A study published online July 16 in the journal of Prosthetics and Orthotics International tested how activity, time of day, and intermittent doffing affected residual limb fluid volume in people with transtibial amputations.
Thirteen participants with transtibial amputations completed three six-hour test sessions. Two sessions served as controls (A protocol) during which participants left their prostheses donned, and one session was an intervention (B protocol) where participants doffed their prostheses twice for 20 minutes during the six hours of testing. Within-socket fluid volume was measured using a custom portable bioimpedance analysis system.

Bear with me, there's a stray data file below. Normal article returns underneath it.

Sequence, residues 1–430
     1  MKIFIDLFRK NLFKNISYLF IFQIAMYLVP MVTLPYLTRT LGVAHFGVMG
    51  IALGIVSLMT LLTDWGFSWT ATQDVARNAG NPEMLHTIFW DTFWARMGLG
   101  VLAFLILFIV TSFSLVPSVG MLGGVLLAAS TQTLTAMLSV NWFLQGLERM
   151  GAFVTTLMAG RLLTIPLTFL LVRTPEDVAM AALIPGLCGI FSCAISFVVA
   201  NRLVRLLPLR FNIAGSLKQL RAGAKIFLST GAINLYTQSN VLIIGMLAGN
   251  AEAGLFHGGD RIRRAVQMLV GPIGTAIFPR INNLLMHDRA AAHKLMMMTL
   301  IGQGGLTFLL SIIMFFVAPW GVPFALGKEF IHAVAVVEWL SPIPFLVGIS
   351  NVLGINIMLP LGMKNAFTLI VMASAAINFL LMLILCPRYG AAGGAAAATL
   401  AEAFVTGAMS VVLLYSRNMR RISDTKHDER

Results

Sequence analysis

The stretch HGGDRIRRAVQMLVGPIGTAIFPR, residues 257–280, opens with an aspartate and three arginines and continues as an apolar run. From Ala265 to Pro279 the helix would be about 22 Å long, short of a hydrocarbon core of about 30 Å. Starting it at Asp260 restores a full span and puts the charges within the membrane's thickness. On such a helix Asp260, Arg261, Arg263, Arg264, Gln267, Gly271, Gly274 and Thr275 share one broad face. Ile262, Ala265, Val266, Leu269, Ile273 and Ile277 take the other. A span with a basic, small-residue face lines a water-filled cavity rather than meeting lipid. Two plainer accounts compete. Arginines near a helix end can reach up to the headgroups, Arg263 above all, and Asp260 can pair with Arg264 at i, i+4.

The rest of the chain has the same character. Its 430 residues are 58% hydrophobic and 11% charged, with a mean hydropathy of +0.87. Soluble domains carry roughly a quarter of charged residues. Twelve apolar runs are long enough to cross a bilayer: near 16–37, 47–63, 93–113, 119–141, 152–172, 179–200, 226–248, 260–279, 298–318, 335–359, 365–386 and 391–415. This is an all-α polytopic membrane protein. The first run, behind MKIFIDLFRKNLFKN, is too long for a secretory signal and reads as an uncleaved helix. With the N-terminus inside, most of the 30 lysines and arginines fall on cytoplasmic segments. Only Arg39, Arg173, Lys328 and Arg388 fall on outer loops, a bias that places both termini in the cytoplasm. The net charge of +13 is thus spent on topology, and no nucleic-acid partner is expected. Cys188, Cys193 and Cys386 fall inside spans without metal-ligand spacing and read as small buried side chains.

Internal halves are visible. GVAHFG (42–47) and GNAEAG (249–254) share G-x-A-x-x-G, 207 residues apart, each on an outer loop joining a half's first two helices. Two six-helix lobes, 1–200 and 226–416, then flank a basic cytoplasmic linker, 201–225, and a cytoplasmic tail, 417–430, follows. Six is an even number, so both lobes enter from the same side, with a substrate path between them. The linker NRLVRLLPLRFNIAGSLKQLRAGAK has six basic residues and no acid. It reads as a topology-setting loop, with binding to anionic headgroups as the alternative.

The study found that the rate of limb fluid volume loss was higher early in the session compared with late in the session. Participants experienced less fluid volume loss during high activity than low activity. Socket users with pin suspension experienced less posterior fluid volume loss when they intermittently doffed their prosthesis, the study found. Intermittent doffing did not benefit limb fluid volume of mechanical vacuum and suction suspension users.